It is easy to see that there are an infinite number of prime numbers, so there is no last prime with respect to the usual ordering 2,3,5,7, &c.

BUT..... We can order the prime numbers in alphabetical order according to their name in English (ignoring spaces and hyphens).

So "three" comes before "twenty-three" which comes before "two".

What is the *last* prime number in alphabetical order?

The names of the powers of ten are:

hundred, thousand, million, billion (10**9), trillion, quadrillion, quintillion, ..., decillion, undecellion, dodecillion, tredecillion, quattordecillion, ... vigintillion (10**63)

So the last prime should be close to two 2 x 10**63. (So you will need arbitrary precision math unless you want to use a list of prime numbers from the Internet).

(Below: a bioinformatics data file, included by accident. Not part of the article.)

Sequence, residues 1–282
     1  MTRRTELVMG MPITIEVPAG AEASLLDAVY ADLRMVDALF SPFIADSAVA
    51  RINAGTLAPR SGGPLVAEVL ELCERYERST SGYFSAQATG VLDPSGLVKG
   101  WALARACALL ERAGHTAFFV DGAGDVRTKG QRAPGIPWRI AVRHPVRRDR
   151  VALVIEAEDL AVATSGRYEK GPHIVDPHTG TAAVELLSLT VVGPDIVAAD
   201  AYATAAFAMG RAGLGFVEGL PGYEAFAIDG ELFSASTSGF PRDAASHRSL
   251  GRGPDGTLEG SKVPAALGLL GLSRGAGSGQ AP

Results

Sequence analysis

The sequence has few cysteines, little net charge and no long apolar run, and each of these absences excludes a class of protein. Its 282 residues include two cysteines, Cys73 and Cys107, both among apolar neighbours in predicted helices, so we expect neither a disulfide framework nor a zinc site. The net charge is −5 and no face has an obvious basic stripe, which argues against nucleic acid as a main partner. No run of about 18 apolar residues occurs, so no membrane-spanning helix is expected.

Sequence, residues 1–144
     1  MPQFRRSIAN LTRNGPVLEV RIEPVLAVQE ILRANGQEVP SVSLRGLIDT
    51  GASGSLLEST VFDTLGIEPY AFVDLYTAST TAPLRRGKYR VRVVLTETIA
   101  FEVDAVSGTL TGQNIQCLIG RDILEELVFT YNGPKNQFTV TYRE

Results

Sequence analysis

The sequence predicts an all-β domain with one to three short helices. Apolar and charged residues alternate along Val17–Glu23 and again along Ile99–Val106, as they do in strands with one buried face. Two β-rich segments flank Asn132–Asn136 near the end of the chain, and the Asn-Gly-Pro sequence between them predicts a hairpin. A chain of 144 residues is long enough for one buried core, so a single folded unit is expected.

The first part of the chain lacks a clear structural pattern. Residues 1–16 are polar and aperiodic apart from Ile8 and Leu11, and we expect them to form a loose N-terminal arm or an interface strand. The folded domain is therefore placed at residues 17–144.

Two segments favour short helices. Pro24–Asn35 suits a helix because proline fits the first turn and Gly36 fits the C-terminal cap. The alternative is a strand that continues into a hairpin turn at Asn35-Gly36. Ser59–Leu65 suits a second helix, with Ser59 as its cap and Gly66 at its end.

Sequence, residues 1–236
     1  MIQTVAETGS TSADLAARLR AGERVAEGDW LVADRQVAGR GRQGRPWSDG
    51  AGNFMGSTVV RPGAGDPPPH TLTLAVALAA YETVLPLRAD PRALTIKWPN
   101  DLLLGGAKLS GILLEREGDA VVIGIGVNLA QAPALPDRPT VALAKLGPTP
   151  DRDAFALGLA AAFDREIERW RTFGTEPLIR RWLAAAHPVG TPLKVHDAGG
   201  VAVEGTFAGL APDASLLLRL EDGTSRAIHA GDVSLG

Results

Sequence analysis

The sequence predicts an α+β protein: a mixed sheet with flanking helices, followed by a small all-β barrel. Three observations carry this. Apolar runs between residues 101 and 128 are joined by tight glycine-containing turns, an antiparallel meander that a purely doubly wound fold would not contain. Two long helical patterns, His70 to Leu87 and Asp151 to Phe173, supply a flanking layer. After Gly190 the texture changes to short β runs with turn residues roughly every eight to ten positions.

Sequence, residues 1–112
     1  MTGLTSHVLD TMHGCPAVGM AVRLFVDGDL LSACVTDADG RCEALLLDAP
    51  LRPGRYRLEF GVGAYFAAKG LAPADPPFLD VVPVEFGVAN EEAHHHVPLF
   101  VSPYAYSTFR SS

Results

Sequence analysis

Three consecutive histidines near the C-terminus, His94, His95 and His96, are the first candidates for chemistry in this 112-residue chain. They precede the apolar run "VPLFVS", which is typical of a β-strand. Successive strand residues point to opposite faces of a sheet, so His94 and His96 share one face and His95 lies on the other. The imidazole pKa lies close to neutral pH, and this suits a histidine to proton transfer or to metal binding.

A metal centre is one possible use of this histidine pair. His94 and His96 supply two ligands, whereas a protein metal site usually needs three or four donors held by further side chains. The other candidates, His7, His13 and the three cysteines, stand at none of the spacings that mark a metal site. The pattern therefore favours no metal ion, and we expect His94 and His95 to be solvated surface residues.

You can use a probalistic primality test like Fermat's test.

Using the number descriptions that you provided, the highest number alphabetically would be:

two vigintillion two undecillion two trillion two thousand two hundred something.

Something would be an odd number between 1 and 99 if, indeed, any of these turn out to be prime.

Average spacing between primes at N is about equal to ln(N). ln(10^63) = 145 so it does seem quite possible that one of them would be prime.